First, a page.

The verses continue to tell of a drink given to quench the thirst of a sufferer, clothing and rest for the naked and weary, caring for the injured and wounded, sharing the condemnation of a prisoner. Then the last verses recognize the appearance of the Master: Then in a moment to my view, The stranger started from disguise: The tokens in his hands I knew, The Savior stood before mine eyes.
He spake—and my poor name he named— “Of me thou hast not been asham’d; These deeds shall thy memorial be; Fear not thou didst them unto me.” ( History of the Church, 6:614–15.) Poor, indeed, and destitute is the man who disclaims being religious because he does not have sufficient love for his fellowmen to be concerned and have compassion.
The Lord will say: “Inasmuch as ye did it not to one of the least of these, ye did it not to me. “And these shall go away into everlasting punishment: but the righteous into life eternal.” ( Matt.25:45–46,) President Joseph F. Smith, a former president of the Church, wrote these words many years ago: “Do not say that you are not naturally religious, and so make that an excuse for evil deeds and forbidden acts.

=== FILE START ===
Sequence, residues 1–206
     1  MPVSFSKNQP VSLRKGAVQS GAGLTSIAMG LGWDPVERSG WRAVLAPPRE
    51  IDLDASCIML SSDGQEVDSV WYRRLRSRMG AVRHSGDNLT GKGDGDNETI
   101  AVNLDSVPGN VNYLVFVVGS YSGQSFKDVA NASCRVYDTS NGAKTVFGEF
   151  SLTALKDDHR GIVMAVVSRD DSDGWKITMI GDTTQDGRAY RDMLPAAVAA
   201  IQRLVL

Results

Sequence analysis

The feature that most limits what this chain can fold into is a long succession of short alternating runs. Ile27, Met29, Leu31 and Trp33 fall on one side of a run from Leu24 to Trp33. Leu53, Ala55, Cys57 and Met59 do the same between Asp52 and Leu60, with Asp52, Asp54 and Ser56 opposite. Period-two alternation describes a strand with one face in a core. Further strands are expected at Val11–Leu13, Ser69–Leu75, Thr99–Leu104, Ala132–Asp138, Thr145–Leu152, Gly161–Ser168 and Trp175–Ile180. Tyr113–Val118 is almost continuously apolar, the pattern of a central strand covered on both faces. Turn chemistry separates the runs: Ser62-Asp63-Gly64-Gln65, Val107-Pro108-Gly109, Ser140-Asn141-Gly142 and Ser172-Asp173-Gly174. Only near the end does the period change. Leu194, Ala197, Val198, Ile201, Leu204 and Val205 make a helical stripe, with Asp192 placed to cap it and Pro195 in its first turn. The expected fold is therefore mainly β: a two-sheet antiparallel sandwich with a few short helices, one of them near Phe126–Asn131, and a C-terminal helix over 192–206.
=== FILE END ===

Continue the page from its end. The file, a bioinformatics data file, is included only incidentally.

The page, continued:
Be rather religious both in appearance and in reality, remembering what true religion means. Even as the testimony of Jesus is the spirit of prophecy, so is the possession of the knowledge that you love purity, righteousness, honesty, justice and well-doing, an indisputable evidence that you are naturally religious.” President Smith continued: “Search your hearts, and you will find deep down that you possess this knowledge.
Then encourage its growth and development, to the gaining of your own salvation.” (“Not Naturally Religious,” Improvement Era, Apr.1906, p.495.) I pray we may serve our fellowmen and remain unspotted from worldly influences, so that we may be worthy to be considered truly religious and receive the approbation of the Lord, in the name of Jesus Christ.
What does King James Bible say about other religions?
But if ye turn away, and forsake my statutes and my commandments, which I have set before you, and shall go and serve other gods, and worship them; And it shall be answered, Because they forsook the LORD God of their fathers, which brought them forth out of the land of Egypt, and laid hold on other gods, and worshipped them, and served them: therefore hath he brought all this evil upon them.
What religion did Jesus say he was?